The gut-brain-bone connection is an intricate web of interactions essential for our overall health. Our digestive system, brain, and bones are all interconnected; when one system is out of balance, it can affect the other two. It’s important to understand how they work together so we can better maintain our bone health.
The digestive system is essential in providing nutrients to the body, which are absorbed and used by different systems, including the bones. The brain regulates many aspects of bodily function, including how much calcium is stored in bone tissue. Thus, maintaining a healthy balance between gut regulation, brain signaling, and nutrient absorption is key for supporting optimal bone health.
When this balance is disrupted, it can lead to a variety of conditions related to the bones, including osteoarthritis, osteoporosis, and autoimmune joint diseases. In each of these conditions, an imbalance between osteoblasts and osteoclasts – cells responsible for breaking down and rebuilding bones, called bone remodeling – is triggered in some way.
For instance, in osteoporosis, the imbalance is caused by a decrease in the number of osteoblasts that are responsible for bone formation. In autoimmune joint diseases such as rheumatoid arthritis, an increase in the number of osteoclasts (which break down bones) leads to inflammation and destruction of the joints.
What are osteoblasts? These are bone cells that:
- Form bone by promoting bone stem cells to differentiate into osteoblasts.
- Function is impacted by autoimmune arthritis and numbers are decreased in osteoporosis.
What are osteoclasts? These are bone cells that:
- Develop from white blood cells, called monocytes.
- Are essential for joint destruction and enable bone to be reabsorbed.
- Help degrade and remove bone to allow osteoblasts to come in and produce new bone.
- Are overproduced in certain chronic inflammatory diseases such as Rheumatoid Arthritis (RA) and psoriatic arthritis. RA is an autoimmune disease, triggering autoantibodies such as rheumatoid factor (RF) and autoantibodies against citrullinated proteins (ACPA) to affect immune cells and osteoclasts, causing bone loss.
Osteoclasts are found within inflammatory synovial tissues and activated by specific inflammatory substances or cytokines. In addition, inflammation causes monocytes to be recruited to form new osteoclasts in the synovial tissue.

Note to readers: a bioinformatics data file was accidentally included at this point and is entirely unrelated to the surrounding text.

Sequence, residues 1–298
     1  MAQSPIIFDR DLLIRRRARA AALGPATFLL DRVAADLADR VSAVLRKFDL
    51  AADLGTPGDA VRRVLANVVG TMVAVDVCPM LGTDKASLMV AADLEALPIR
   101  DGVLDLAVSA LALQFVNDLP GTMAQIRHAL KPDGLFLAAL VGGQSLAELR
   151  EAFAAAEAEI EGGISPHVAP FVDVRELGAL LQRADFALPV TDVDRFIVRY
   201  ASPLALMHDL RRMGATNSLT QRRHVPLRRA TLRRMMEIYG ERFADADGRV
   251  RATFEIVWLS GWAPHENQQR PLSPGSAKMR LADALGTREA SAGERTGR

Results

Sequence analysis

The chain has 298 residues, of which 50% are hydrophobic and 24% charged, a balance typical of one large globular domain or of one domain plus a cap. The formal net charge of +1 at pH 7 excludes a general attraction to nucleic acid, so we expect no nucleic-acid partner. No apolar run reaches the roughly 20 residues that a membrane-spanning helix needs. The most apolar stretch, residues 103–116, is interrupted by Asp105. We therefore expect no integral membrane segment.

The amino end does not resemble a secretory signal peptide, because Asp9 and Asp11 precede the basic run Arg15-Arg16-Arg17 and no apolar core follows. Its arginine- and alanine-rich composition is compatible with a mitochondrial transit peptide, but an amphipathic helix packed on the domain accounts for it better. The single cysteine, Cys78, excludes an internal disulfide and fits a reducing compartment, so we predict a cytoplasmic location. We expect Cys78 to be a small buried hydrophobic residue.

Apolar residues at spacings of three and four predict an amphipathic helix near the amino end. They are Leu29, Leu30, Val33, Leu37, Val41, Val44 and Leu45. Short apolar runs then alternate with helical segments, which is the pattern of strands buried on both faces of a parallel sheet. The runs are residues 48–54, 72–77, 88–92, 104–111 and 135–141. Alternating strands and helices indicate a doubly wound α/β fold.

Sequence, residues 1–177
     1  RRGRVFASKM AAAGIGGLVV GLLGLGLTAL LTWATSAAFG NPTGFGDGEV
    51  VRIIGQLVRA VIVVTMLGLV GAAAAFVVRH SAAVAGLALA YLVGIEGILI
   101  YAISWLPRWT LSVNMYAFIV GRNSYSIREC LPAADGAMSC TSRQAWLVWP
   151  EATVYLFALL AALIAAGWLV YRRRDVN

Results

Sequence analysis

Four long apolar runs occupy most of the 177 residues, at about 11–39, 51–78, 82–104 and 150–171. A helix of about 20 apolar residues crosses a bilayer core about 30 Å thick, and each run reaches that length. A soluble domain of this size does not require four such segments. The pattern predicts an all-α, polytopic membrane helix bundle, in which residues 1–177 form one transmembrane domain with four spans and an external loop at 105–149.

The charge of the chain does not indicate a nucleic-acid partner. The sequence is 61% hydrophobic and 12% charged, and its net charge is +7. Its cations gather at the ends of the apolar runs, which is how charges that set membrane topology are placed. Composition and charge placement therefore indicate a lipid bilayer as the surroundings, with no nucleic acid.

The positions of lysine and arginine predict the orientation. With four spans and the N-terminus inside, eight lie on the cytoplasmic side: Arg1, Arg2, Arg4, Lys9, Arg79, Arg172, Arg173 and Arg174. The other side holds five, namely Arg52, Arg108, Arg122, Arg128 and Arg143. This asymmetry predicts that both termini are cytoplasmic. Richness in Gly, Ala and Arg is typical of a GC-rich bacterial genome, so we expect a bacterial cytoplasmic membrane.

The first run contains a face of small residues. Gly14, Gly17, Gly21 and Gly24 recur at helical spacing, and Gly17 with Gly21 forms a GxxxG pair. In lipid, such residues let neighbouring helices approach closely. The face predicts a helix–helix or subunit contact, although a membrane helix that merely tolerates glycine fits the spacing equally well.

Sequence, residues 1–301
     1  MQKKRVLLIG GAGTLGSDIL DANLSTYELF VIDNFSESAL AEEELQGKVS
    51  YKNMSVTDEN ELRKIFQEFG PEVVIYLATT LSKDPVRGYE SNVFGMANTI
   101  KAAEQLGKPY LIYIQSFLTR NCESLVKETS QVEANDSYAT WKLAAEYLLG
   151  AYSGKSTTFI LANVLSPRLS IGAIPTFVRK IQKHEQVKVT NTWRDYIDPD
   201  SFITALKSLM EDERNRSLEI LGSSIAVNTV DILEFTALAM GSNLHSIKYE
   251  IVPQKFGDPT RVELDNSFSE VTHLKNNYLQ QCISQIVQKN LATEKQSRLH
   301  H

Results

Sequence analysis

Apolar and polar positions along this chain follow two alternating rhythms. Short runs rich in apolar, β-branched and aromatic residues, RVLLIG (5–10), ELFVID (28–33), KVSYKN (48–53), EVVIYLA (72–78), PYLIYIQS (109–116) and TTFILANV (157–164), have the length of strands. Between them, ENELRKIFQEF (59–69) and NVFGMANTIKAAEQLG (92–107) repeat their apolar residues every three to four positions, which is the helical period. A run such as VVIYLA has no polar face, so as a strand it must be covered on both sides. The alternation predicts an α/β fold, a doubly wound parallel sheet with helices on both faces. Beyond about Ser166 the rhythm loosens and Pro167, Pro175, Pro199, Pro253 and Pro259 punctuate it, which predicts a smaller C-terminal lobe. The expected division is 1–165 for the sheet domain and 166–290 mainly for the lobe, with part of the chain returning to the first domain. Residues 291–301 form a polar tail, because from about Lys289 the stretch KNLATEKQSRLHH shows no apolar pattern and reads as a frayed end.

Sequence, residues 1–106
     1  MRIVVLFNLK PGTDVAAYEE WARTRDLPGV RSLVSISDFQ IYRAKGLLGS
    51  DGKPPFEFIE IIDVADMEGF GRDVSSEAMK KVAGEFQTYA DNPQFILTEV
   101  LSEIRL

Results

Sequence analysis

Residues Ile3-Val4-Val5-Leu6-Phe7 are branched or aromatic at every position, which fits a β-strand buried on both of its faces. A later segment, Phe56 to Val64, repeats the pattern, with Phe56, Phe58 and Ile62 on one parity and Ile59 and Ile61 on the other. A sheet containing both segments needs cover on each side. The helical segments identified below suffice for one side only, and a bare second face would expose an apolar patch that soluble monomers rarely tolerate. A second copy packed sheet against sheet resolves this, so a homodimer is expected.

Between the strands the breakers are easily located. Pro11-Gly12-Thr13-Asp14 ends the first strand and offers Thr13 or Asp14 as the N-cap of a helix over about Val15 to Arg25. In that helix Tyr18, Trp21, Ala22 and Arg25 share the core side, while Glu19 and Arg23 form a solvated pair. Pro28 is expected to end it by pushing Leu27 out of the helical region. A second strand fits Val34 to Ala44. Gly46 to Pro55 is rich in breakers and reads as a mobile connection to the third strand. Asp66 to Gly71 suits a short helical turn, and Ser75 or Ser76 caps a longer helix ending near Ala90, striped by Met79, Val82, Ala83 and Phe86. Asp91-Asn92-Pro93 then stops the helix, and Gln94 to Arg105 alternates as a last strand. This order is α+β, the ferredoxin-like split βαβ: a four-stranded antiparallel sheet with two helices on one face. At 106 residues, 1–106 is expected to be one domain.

As this process occurs early and throughout RA, the goal of treatment is to prevent activation of inflammatory substances such as cytokines and the recruitment of monocytes to the synovial tissue that promote osteoclast formation. However, medication can impact joint structure, so studies are needed to determine the optimal level of control that can be provided by specific medications. Strategies to reduce inflammatory triggers are important.
The good news is that diet and lifestyle play an important role in keeping our gut-brain-bone connection and our osteoblasts and osteoclasts balanced.
5 Ways to Help Balance Osteoblasts and Osteoclasts
- Eat a healthy, balanced diet that is rich in calcium, magnesium, phosphorus, potassium, vitamin D3 and omega-3 fatty acids. These nutrients are essential for bone health and help support the balance of osteoblasts and osteoclasts. Vitamin D should be taken with K2 to help direct calcium into the bones versus the circulation.
- Practice stress management techniques such as yoga, mindfulness, and deep breathing. Stress can have a negative effect on the gut-brain-bone connection and can trigger an imbalance between osteoblasts and osteoclasts.
- Incorporate regular exercise into your routine; weight-bearing exercises are particularly important for bone health. Be sure to include stretching after each workout to improve flexibility and reduce the risk of injury.
- Avoid smoking and excessive alcohol consumption, as both can have a detrimental effect on bone health by promoting an imbalance in osteoblasts and osteoclasts.
- Consider taking probiotics or prebiotic supplements to help maintain a healthy gut microbiome for better brain signaling, which supports hormone balance and nutrient absorption for stronger bones.
No matter what age you are, it’s never too late to start taking steps towards better bone health. By taking steps to maintain a balanced gut-brain-bone system, we can reduce triggers of inflammation and pain and better protect ourselves against bone-related diseases. We can also enjoy better overall health.
Make sure you consult with your healthcare provider before making any dietary or lifestyle changes. With the right nutrition and lifestyle habits and the support with the right supplements, you can create an environment that supports the balance of osteoblasts and osteoclasts.
Start by incorporating small changes into your lifestyle and monitor how you feel. Over time, these healthy habits will become second nature and the gut-brain-bone connection will become stronger, helping you move better, feel better, and live better.
I am a Master’s prepared RN, National Board-Certified Health & Wellness Coach, Board-Certified Functional Wellness Coach, and Functional Diagnostic Nutrition Practitioner. I help people fix their chronic inflammation & pain with in-home lab testing, client assessments, personalized natural healing protocols, and online coaching to help them move from pain to peace so that they feel better, move better, and live better.